By Dan Steinberg
Washington Post Staff Writer
Monday, November 17, 2008
For one drive last night, both Clinton Portis and his offensive teammates looked like they had rediscovered their early-season swagger. The first time the Washington Redskins touched the ball, they needed 10 plays to reach the end zone. Five of those plays were Portis's runs, which netted 29 yards and an average of nearly six yards per carry.
But this wasn't October -- when Portis ripped through NFL defenses to seize the league rushing lead -- and the franchise running back wasn't the same player who won NFC offensive player of the month honors. He didn't practice all week after spraining his medial collateral ligament against the Pittsburgh Steelers two weeks ago, and he was a game-time decision last night. After that first drive, Portis gained just 39 more yards, and the Redskins didn't again find the end zone in their 14-10 loss to the Dallas Cowboys.
In a brief interview with ESPN 980 before leaving the locker room, Portis said he made the decision to play right before the game, after testing his knee well before the rest of his teammates took the field.
"Once you get adrenaline and all that going, you block out the pain," he said. "I'll sit back and be like, 'Ow, man,' [on Monday], but I'll be all right."
Whether the running game will recover its early-season form remains to be seen. When the Redskins were cruising last month, Portis was their engine, rushing for at least 120 yards in five straight games, four of which were wins. He led all NFL players with 616 yards from scrimmage in the month of October, and after the Redskins' victory over Detroit to close the month, he had 260 more rushing yards than any other back.
Then came the loss to Pittsburgh, in which the offense stagnated as Portis was held to 51 yards on the ground. He said his left knee stiffened in the days after the game, and he couldn't straighten his leg early last week, missing the entire week of practice.
"Actually, I was surprised that he played," quarterback Jason Campbell said. "If you looked at him earlier in the week or looked at him Friday, you would have thought no way. It just goes to show the toughness of the guy, how much he really is willing to be out there with his teammates and fight through all the pain and everything he was going through. . . . I kept asking him sometime was he all right, he kept saying he was fine, he was ready to go. Even in the huddle, he was still just acting like the normal Clinton. You couldn't tell if the guy really was hurt."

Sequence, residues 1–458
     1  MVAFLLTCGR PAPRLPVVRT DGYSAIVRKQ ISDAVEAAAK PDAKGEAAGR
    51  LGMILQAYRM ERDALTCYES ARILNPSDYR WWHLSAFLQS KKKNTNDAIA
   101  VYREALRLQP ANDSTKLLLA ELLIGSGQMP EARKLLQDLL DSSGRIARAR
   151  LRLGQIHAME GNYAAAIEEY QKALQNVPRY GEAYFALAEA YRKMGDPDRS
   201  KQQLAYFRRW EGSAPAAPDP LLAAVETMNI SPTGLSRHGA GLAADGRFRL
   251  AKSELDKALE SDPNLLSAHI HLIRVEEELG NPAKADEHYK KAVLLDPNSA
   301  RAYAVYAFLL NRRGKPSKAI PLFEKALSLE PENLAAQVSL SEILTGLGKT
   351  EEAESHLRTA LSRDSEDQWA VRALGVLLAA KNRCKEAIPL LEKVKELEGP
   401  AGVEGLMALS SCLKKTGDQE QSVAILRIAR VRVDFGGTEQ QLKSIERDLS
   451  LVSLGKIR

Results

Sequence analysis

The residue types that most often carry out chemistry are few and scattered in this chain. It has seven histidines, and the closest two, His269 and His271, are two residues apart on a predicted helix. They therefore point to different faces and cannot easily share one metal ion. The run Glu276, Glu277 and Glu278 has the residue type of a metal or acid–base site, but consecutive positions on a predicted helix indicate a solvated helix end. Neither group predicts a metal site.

But Portis's injury became an issue in the fourth quarter. Backup Ladell Betts, who had missed three games with his own knee sprain, returned last night, but aggravated his injury just before the end of the third quarter.
"I really don't know what happened, I don't know if it got twisted or hit funny or what, but it just aggravated," said Betts, who said his knee was "not even close" to being 100 percent even before it was re-injured.
"It felt good enough to where I felt like I could go out here with my teammates and try to push through it," Betts said, but he didn't return in the fourth quarter and was walking gingerly after the game.
With Betts out, Portis was slow to get up during Washington's final drive, but after missing one play, he came back in.
"I know [I'll be sore], but I'll worry about that when it get here," Portis said. "I think I had an opportunity to get [out] and help my teammates, so I needed to be out there."
And his teammates appreciated the effort. The pass game was hurt by sacks and the inability to find open receivers, but teammates said that Portis's effort and work rate had not changed despite the injury.
"He certainly looked good as he ran past me a few times," guard Pete Kendall said. "He was running the ball downhill, particularly on that first drive, and he didn't seem much worse for the wear. I'm sure he was, but he looked good."
"I knew he was gonna play," fullback Mike Sellers said. "I know C.P. I know how he is. He's a fighter, he's not just going to sit out. C.P. did what C.P. can do when he was given the opportunity. He's always gonna be a fighter, he's always gonna play hard."
Redskins Coach Jim Zorn said that Portis's conditioning was likely affected from missing a week of practice, and television cameras showed him with an oxygen mask after halftime. He has lost the NFL rushing lead, and his team has lost two straight games. If the offense is to right itself, Portis will likely be part of the solution.
"He's a tough-nosed guy, he really is," center Casey Rabach said. "Anytime Clinton can go, it adds another dimension to this team. It's very unlikely that he was 100 percent, but we'll take him any way we can get him. Definitely a morale booster. Anytime we can get Clinton out on the field is good for us."